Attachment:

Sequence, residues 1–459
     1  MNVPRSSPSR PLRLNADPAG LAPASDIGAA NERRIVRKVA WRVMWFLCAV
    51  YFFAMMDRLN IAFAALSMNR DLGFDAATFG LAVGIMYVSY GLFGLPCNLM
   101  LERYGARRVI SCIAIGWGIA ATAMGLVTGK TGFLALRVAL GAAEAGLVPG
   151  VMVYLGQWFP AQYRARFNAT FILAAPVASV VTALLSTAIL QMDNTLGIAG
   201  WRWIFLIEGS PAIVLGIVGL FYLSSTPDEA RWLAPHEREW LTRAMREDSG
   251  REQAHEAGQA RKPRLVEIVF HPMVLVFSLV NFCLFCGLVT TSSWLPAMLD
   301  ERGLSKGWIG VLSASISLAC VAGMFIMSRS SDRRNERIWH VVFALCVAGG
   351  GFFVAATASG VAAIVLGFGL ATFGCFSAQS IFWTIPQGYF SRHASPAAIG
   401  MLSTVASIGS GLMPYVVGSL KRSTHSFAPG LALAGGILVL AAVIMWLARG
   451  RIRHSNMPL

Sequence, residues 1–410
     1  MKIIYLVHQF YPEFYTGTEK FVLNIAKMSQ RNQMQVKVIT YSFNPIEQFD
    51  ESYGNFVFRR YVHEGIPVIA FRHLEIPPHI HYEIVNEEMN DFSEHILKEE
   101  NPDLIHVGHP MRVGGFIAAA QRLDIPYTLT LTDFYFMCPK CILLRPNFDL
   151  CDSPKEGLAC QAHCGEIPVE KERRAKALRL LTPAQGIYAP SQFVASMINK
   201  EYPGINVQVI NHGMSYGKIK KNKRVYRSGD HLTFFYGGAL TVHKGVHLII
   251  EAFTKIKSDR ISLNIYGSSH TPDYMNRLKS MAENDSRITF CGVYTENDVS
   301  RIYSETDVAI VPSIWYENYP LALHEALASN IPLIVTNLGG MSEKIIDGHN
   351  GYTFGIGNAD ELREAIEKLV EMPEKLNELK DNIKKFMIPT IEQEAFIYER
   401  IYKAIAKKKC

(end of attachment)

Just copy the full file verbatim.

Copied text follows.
Sequence, residues 1–459
     1  MNVPRSSPSR PLRLNADPAG LAPASDIGAA NERRIVRKVA WRVMWFLCAV
    51  YFFAMMDRLN IAFAALSMNR DLGFDAATFG LAVGIMYVSY GLFGLPCNLM
   101  LERYGARRVI SCIAIGWGIA ATAMGLVTGK TGFLALRVAL GAAEAGLVPG
   151  VMVYLGQWFP AQYRARFNAT FILAAPVASV VTALLSTAIL QMDNTLGIAG
   201  WRWIFLIEGS PAIVLGIVGL FYLSSTPDEA RWLAPHEREW LTRAMREDSG
   251  REQAHEAGQA RKPRLVEIVF HPMVLVFSLV NFCLFCGLVT TSSWLPAMLD
   301  ERGLSKGWIG VLSASISLAC VAGMFIMSRS SDRRNERIWH VVFALCVAGG
   351  GFFVAATASG VAAIVLGFGL ATFGCFSAQS IFWTIPQGYF SRHASPAAIG
   401  MLSTVASIGS GLMPYVVGSL KRSTHSFAPG LALAGGILVL AAVIMWLARG
   451  RIRHSNMPL

Sequence, residues 1–410
     1  MKIIYLVHQF YPEFYTGTEK FVLNIAKMSQ RNQMQVKVIT YSFNPIEQFD
    51  ESYGNFVFRR YVHEGIPVIA FRHLEIPPHI HYEIVNEEMN DFSEHILKEE
   101  NPDLIHVGHP MRVGGFIAAA QRLDIPYTLT LTDFYFMCPK CILLRPNFDL
   151  CDSPKEGLAC QAHCGEIPVE KERRAKALRL LTPAQGIYAP SQFVASMINK
   201  EYPGINVQVI NHGMSYGKIK KNKRVYRSGD HLTFFYGGAL TVHKGVHLII
   251  EAFTKIKSDR ISLNIYGSSH TPDYMNRLKS MAENDSRITF CGVYTENDVS
   301  RIYSETDVAI VPSIWYENYP LALHEALASN IPLIVTNLGG MSEKIIDGHN
   351  GYTFGIGNAD ELREAIEKLV EMPEKLNELK DNIKKFMIPT IEQEAFIYER
   401  IYKAIAKKKC